CCST Empowers GW Community to Slow COVID-19 Transmission

The Campus COVID Support Team works to quickly gather information when students, faculty and staff test positive for COVID-19.

CCST December 2020
Members of the CCST (left to right): Patrick Beane, Emily Weiss, Nigussie Gemechu, Amita Vyas and Nitasha Nagaraj. (William Atkins/ GW Today)
December 10, 2020

By Kristen Mitchell

The George Washington University has formed a robust network of faculty, staff and administrators prepared to act swiftly when a positive case of COVID-19 has been detected within the community. At the heart of this effort is the Campus COVID Support Team (CCST), a new group guided by public health experts that connects individuals affected by COVID-19 with resources and collects information critical to slow transmission on campus.  

All individuals with campus access are tested regularly for COVID-19. When a positive case is detected, the CCST contacts that individual to ensure they are aware of the test result, informs them of isolation procedures and asks questions to gather additional information about who they have been interacting with on campus in the past 48 hours and what on-campus spaces they visited. This process, coined contact tracing or contact elicitation, allows the CCST to reach out to additional members of the on-campus cohort who might have interacted with a COVID-positive individual, provide them with required resources and engage cleaning protocols to disinfect campus spaces as needed. 

Information gathered is passed onto local health departments in Washington, D.C., and Virginia to assist in contact tracing efforts outside the GW community. The COVID-19 positivity rate has stayed below 1% on campus since the GW testing protocol was launched in August. Amita Vyas, Milken Institute School of Public Health associate professor and a co-director of the CCST, said the infrastructure GW has put into place since March has gone a long way toward keeping cases and transmission low.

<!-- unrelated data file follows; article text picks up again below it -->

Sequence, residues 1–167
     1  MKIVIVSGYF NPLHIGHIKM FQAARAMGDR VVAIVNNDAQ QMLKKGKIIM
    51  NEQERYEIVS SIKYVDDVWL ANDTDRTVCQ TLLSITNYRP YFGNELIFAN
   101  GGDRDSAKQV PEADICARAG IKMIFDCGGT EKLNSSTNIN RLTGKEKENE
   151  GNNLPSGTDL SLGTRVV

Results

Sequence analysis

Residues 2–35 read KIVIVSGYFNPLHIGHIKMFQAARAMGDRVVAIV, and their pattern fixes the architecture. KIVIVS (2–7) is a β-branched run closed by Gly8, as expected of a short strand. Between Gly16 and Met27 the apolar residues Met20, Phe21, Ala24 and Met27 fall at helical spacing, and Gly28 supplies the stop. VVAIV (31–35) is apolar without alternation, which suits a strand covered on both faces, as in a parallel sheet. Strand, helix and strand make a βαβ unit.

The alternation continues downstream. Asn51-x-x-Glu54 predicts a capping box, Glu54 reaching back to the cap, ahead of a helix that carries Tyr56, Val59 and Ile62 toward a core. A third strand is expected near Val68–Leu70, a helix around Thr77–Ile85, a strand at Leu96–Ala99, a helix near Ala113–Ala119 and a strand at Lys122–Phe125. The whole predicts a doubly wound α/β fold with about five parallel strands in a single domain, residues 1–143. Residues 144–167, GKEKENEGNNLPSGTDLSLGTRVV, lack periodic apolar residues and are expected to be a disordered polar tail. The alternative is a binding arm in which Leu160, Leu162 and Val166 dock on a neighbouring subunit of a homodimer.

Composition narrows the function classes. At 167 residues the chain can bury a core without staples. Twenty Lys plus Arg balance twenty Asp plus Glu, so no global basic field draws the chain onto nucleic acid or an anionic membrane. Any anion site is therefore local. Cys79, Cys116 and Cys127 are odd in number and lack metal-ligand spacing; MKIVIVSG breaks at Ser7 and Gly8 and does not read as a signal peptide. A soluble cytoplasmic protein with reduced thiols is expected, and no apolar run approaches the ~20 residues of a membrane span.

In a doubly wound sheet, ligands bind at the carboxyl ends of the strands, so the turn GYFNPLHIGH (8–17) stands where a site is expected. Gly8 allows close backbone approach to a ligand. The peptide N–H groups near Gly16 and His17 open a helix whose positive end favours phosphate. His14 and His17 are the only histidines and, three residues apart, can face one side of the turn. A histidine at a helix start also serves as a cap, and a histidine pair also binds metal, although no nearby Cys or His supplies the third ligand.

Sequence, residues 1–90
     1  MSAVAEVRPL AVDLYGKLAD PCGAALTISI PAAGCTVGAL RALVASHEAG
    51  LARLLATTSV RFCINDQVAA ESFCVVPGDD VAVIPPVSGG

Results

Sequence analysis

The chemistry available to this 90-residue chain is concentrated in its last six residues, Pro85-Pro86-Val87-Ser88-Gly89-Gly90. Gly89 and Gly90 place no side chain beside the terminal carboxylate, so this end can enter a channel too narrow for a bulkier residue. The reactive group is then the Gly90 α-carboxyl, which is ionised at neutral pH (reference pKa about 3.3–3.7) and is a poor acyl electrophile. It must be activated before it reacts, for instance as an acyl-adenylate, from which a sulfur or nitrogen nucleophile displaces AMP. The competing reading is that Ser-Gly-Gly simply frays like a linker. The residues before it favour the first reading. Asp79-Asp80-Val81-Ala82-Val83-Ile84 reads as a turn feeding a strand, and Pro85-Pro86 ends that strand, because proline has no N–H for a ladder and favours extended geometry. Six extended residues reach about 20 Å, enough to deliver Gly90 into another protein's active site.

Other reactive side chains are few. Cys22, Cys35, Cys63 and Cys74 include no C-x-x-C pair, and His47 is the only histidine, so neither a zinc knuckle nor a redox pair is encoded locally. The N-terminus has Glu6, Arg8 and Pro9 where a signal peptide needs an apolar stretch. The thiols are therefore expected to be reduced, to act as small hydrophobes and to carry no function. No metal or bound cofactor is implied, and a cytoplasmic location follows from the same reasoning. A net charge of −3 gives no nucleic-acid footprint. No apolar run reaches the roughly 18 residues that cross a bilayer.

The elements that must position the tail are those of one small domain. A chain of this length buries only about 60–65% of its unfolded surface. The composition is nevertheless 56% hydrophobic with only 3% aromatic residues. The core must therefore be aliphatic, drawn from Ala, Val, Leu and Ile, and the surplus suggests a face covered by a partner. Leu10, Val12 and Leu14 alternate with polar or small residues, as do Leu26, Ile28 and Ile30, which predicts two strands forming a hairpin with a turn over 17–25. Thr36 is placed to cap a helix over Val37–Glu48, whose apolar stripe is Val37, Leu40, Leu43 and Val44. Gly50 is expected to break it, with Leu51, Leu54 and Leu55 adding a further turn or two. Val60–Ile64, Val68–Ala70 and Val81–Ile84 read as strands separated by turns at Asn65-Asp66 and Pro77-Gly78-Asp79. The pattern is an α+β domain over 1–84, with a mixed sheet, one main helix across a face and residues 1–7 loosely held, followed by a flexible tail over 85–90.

“The success of this whole operation and what we’ve been able to do is because we are able to coordinate with all of the different entities across campus,” she said. “If we are notified of a test result at 8 p.m. at night, our team will still be in touch with that individual to make sure they are cared for and isolated which is key to mitigation and minimizing any continued spread of the virus.”

The CCST coordinates with Safety and Security, the Division for Student Affairs, the CARE Team, Colonial Health Center, Occupational Health, the COVID-19 testing lab and the testing clinics on the Foggy Bottom and Virginia Science and Technology campuses, to provide a safe and healthy campus environment for members of the GW community. The CCST, a group of 12 people, is led by Dr. Vyas and co-directors Amanda Castel and Karen McDonnell, both members of the Milken Institute SPH faculty.

When the pandemic took hold in March, Dr. Castel, Dr. McDonnell and Dr. Vyas individually began working closely with DC Health and county health departments in Maryland to assist in setting up early contact tracing protocols and outbreak investigations. Through this experience they saw what kind of efforts were needed at the local level to combat the spread of COVID-19.

“Right from the start we knew that GW would have to put in place rigorous COVID-19 testing and case investigations,” said Lynn R. Goldman, dean of Milken Institute SPH. “That effort now has paid off and helps to keep the GW campus and surrounding community healthy and safe.”   

CCST team

Professor Amanda Castel (left) and Associate Professor Karen McDonnell are co-directors of the CCST. (William Atkins/ GW Today)

Slowing Transmission
Within a few hours of receiving a positive result, individuals infected with COVID-19 receive a call from the CCST. In addition to connecting individuals with necessary medical care and student services, interview assistants conduct